The recent scandal with the denial of British visas to more than half of the Russian delegation to FIA (Farnborough International Airshow) was characterized by the Russian foreign ministry as "clearly unfriendly." Representatives of the Russian companies hit by the denial – Rostekhnologii and United Aviation Corporation (OAK) – have also voiced suspicions that the move of the UK authorities might be a part of the unfair competition schemes used against the Russian industry by the US and the EU countries.
There few commentaries in the Western press on the recent appointment of Irina Gerashchenko, the press secretary of the former Ukrainian president Viktor Yushchenko in his time in office (2005-2010), to the position of the government official responsible for resolving the conflict in the east of the country.
On June 3-4 president Barack Obama is going to Poland before moving on to the G7 summit in Brussels. Obama’s visit is theoretically devoted to the celebrations for the 25th anniversary of Poland’s first post-communist parliamentary election, in 1989.
There are two enthusiastic tunes on the Ukrainian theme in the Western press, whose purpose is to put a cover on what is actually a civil war in the east of the country, with dozens of people killed every day. The first tune can be summarily called "the good election" (not to confuse with the "bad" ones, where pro-Western guys may lose); and the second one can be reduced to a bumper sticker about "Akhmetov – the good oligarch."
The general condemnation by the West of the two referendums on self-determination, held in Ukraine’s eastern regions, Donetsk and Lugansk, just attracted even more public interest to both.
The recent events in Eastern Ukraine bring back a lot of tragic memories to both Russians and Ukrainians, especially those who still remember the World War II, which was indeed the Great Patriotic War for both of our nations. For the first time after a 70-year-long hiatus we hear shells exploding, artillery thundering and bombs falling in this part of Ukraine. The last time this area was a scene to military action was in 1943-1944, during the battle for the region of Donbass – once one of the most cherished territorial gains of Hitler in the former Soviet Union, valued for its steel and coal.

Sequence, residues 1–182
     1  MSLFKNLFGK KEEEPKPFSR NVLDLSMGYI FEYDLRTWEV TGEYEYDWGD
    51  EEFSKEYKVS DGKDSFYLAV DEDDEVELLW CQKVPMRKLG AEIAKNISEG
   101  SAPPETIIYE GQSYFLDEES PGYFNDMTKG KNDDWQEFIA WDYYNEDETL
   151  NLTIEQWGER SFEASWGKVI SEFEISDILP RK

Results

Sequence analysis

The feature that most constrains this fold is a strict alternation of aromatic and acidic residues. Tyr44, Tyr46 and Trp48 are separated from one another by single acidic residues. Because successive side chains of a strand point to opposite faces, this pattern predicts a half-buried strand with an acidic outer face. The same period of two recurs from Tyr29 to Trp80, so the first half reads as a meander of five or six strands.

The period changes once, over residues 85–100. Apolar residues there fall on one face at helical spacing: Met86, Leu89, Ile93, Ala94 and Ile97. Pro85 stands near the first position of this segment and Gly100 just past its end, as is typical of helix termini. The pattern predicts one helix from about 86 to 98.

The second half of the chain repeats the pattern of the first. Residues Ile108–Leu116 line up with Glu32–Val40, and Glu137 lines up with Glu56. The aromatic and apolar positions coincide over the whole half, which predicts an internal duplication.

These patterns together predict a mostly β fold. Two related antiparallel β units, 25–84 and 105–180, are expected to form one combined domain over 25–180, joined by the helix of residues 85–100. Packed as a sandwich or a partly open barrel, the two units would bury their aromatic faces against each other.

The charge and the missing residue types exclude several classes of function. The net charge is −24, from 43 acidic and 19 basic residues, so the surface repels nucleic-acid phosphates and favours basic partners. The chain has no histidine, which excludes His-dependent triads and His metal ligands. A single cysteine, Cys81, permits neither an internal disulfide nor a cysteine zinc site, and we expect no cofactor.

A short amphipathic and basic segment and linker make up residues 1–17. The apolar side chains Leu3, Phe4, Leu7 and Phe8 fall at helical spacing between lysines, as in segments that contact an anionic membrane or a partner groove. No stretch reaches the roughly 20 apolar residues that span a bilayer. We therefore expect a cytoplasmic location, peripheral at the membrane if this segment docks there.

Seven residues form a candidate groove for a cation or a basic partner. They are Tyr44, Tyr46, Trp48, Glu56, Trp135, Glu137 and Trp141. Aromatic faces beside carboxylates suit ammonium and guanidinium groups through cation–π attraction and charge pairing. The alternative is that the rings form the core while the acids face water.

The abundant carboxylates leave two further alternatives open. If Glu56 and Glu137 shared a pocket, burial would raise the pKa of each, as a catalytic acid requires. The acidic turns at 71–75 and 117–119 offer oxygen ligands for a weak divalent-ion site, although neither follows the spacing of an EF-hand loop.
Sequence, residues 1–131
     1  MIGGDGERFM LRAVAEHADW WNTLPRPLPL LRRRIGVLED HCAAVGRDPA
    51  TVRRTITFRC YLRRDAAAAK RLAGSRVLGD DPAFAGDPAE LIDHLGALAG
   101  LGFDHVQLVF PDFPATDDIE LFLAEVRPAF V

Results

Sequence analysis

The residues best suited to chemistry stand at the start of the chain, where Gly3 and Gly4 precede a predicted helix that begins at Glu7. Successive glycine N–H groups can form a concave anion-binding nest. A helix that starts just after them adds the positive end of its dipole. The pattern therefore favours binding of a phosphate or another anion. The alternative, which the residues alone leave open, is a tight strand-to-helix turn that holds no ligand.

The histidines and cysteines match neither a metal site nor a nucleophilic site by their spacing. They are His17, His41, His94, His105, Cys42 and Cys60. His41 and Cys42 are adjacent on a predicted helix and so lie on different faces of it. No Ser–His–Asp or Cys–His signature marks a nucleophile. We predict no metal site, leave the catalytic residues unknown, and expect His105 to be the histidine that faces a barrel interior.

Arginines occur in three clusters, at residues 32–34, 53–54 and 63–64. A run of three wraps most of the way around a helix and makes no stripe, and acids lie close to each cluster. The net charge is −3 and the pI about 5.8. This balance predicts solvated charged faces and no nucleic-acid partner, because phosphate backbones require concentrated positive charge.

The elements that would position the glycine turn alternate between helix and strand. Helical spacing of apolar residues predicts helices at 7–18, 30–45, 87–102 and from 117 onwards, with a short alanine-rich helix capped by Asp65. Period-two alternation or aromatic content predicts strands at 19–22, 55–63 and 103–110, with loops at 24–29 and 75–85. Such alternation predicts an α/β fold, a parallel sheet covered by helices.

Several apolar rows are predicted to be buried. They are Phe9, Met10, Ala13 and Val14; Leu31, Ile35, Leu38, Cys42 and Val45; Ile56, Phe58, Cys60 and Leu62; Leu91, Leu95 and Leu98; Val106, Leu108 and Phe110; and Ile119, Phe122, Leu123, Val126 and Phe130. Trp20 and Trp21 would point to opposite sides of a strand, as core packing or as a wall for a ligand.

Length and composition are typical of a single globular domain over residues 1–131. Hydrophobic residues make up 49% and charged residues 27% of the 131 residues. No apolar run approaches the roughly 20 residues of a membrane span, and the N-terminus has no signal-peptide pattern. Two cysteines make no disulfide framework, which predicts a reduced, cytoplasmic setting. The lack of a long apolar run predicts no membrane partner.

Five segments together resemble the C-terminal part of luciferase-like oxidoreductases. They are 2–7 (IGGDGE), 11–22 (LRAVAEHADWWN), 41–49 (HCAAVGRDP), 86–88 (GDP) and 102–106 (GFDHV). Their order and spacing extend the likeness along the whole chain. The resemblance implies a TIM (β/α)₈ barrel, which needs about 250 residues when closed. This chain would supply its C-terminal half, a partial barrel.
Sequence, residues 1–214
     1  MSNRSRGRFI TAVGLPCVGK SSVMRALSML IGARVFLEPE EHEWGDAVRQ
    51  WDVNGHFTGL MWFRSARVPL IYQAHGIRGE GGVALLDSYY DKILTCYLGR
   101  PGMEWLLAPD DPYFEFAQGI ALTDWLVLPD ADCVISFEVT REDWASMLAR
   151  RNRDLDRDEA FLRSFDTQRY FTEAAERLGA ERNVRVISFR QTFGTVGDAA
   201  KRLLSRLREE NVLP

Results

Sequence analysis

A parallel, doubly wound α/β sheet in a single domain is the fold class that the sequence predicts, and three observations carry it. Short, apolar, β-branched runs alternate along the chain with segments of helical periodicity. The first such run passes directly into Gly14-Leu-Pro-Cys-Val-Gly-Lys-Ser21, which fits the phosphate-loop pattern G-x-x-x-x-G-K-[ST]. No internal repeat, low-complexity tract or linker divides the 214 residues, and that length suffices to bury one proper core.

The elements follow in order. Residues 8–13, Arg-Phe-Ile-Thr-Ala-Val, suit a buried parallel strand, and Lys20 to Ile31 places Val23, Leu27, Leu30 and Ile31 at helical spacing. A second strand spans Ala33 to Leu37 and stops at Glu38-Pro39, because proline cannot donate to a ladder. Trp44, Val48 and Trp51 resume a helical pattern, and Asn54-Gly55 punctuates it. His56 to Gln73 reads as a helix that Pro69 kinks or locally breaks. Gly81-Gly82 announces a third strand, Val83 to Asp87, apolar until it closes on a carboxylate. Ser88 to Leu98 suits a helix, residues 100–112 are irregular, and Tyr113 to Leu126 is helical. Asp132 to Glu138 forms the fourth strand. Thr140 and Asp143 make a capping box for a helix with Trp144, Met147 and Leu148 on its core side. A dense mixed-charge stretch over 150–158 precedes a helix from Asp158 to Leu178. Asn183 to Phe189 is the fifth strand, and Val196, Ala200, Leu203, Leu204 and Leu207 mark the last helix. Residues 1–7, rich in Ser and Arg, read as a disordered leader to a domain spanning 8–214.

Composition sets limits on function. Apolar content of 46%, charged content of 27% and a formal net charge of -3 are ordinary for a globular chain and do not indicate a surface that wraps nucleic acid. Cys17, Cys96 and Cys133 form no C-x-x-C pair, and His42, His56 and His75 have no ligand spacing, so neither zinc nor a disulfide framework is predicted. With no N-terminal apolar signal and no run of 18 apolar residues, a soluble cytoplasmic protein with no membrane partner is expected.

If one were to believe the Western media, one could gather an impression that the Third World war has already begun. Phrases like "the annexation of Crimea", "occupation" and even "theft of another country's lands" (the expression used by the Swiss newspaper Neue Zuricher Zeitung) have quickly spread all over. But here is the problem: it appears that serious people in the West, business representatives specifically, do not believe their own mass media. Otherwise, what could explain such a strange thing as the appreciation of the ruble by 31 kopeks against the euro – right after the West announced imposing all sorts of sanctions upon Russia?
As the European Union is desperately searching for some kind of economic sanctions against Russia, its choices appear to be dramatically limited. The problem is that so called cheap sanctions, the ones that would not cost Europeans anything, have all been applied long ago, before the Ukrainian crisis even started. And the real economic sanctions, such as curtailing bilateral trade with Russia may cost dearly to European exporters to Russia and thus hit the budgets of the EU’s members.
The war between Russia and Ukraine has not started and, most likely, will never start. But the information war is in full swing, and, as usual, truth is the first casualty.
When CNN’ Christiane Amanpour was countering the arguments of the veteran expert on Russia and the Soviet Union, Stephen Cohen, she used the classical arguments of all appeasers and Holocaust deniers. Judge for yourself. Here is when Stephen Cohen had to say: "There’s a small but resolute right-wing nationalist movement in Ukraine."